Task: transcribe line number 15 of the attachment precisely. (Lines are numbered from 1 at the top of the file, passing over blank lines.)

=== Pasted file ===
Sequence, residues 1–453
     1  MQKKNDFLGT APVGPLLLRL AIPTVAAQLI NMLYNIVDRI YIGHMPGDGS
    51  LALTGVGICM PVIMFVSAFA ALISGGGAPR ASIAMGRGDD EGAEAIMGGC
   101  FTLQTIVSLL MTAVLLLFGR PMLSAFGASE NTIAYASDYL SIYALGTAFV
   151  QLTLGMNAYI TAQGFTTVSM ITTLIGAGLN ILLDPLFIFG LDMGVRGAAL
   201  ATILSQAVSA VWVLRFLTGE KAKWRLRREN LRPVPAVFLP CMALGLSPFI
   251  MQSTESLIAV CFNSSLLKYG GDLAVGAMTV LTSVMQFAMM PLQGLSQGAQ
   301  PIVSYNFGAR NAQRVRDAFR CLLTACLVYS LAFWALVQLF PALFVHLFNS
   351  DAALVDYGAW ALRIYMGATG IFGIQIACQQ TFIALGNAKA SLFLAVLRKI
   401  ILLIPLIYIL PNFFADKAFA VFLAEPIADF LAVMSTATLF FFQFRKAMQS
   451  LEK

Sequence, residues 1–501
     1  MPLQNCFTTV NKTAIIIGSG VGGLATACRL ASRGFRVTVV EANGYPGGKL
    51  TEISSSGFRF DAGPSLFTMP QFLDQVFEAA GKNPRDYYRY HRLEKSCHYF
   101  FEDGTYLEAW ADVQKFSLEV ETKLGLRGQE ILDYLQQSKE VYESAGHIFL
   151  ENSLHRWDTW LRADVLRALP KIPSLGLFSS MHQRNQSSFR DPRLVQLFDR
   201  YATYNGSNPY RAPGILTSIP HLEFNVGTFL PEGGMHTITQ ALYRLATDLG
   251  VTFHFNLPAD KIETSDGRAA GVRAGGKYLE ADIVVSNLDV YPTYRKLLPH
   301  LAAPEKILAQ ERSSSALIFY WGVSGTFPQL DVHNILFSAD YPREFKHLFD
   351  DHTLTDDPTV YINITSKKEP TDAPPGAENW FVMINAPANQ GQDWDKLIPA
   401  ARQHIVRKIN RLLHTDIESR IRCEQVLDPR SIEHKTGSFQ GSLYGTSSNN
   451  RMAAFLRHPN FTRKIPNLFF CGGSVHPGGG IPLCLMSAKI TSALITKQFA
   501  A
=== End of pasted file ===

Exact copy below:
   101  FEDGTYLEAW ADVQKFSLEV ETKLGLRGQE ILDYLQQSKE VYESAGHIFL